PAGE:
To set the premise for Dark Void, Airtight Games has taken people, locations and events from history and given those a spin. The location is the ominous Bermuda Triangle, the event is the rise of Fascism in Europe and the personality out of the history books is physicist Nikola Tesla. All of these have always been favorites of pop-culture as stuff of legends and mysteries— Bermuda Triangle has the dubious reputation of being a place of many unexplained disappearances; the Fascist have many a times been linked to the Occult and Nikola Tesla has made several appearances in works of science-fiction.
This particular work of fiction starts with a fateful journey of a cargo pilot named William Grey. On this journey he is accompanied by Eva, the protagonist’s love interest. The fateful part is that their plane crashes over the Bermuda Triangle area and they subsequently find themselves on an island that houses an entrance into the Void. The Void is a desolate place that is where the humans exiled their overlords, who are simply referred to as the Watchers.
Not much is known about the Watchers besides that they are rapidly evolving and technologically advanced race, who taught early humans the ropes of technology. The humble apprentice race eventually turned on their masters and they were banished into the Void. Ever since then, the Watchers have been plotting and preparing for a comeback and this time they have teamed up with the growing Fascist powers. Resisting the return of the Watchers is a group of stranded people who refer to themselves as simply the Survivors. Along with preventing global crisis, fighting the Watchers has an added incentive for the Survivors in getting an opportunity to return home. In the thick of this is Nikola Tesla working with the survivors in exchange for an opportunity to tinker with stolen and salvaged Watcher technology.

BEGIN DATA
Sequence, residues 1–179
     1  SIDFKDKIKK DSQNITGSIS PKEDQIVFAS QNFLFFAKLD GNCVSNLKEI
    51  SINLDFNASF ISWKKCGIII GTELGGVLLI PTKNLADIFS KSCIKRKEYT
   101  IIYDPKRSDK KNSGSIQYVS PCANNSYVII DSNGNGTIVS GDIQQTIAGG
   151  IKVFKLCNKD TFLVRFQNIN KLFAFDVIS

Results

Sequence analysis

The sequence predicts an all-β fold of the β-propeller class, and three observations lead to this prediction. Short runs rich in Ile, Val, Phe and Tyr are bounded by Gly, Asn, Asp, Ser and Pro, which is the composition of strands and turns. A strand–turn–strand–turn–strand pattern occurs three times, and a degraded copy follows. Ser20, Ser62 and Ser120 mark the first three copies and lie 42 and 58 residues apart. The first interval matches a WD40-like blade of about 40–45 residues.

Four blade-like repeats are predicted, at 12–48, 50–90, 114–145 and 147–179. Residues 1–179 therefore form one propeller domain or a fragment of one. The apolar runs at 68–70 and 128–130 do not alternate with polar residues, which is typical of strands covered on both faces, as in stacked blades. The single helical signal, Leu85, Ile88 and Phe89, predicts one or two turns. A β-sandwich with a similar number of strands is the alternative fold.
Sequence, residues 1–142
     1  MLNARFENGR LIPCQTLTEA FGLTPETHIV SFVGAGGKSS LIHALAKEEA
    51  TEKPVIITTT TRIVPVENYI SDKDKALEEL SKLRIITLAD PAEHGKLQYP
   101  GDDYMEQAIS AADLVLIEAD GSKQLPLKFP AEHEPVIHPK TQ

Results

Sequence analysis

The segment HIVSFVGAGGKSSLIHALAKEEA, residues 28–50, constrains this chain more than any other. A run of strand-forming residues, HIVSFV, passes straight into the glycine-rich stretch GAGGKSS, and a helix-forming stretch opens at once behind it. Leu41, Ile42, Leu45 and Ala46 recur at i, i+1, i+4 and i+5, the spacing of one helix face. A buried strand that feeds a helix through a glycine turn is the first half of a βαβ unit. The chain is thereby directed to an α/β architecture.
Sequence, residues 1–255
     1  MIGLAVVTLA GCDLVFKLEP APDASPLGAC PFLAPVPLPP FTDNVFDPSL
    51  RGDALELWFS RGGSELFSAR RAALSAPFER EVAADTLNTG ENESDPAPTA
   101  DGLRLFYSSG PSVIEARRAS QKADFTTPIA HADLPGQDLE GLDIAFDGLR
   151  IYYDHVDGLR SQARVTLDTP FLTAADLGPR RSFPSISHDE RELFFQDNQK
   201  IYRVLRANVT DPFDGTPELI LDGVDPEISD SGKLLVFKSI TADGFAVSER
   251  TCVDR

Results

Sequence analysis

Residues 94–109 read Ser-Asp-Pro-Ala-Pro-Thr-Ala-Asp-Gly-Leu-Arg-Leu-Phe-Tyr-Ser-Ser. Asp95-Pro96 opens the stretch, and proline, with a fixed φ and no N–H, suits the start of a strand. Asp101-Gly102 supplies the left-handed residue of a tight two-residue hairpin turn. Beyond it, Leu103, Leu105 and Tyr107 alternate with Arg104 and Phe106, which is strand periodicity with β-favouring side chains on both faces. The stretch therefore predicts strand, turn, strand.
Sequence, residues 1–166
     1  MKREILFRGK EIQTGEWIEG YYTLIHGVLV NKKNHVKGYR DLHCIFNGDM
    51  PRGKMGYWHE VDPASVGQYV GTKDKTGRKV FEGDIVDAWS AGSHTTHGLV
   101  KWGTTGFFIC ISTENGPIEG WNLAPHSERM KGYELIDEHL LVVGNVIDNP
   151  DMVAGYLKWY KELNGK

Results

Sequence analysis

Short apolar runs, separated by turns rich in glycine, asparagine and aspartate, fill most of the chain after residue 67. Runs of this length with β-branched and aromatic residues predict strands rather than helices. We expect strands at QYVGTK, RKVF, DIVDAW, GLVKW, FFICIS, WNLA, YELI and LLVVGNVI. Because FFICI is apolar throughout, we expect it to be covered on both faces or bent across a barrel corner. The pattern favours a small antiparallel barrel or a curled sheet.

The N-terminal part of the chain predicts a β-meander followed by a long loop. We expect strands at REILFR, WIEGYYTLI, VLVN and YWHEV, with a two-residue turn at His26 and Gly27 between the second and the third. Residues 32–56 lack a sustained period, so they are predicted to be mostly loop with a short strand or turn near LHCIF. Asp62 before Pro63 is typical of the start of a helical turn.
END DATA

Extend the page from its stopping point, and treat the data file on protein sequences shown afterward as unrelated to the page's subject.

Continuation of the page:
Will and Eva inevitably find themselves in conflict with the Watchers so they join the Survivors in their quest to return home. The game’s story develops even further, but I do not want to give too much of the game away. Actually for an action game, Dark Void has a pretty deep storyline and the voice acting is not too shabby either.
Moving on to the meat of the game, combat in Dark Void has two distinct systems. On-ground combat is out-and-out cover shooter style with the novelty of vertical combat. Since Dark Void was originally conceived as a Platformer, there are still set-pieces in the game where you are required to make the journey upwards. However, instead of landing on ramps with each jump, Dark Void uses a fresh perspective on the scenario by allowing the player to cling on to the bottom of the ramp and use it for cover. This is possible since your platforming skill is augmented with the thrust of your rocket-pack. Covering your firepower needs is a selection of six upgradable weapons and two kinds of grenades.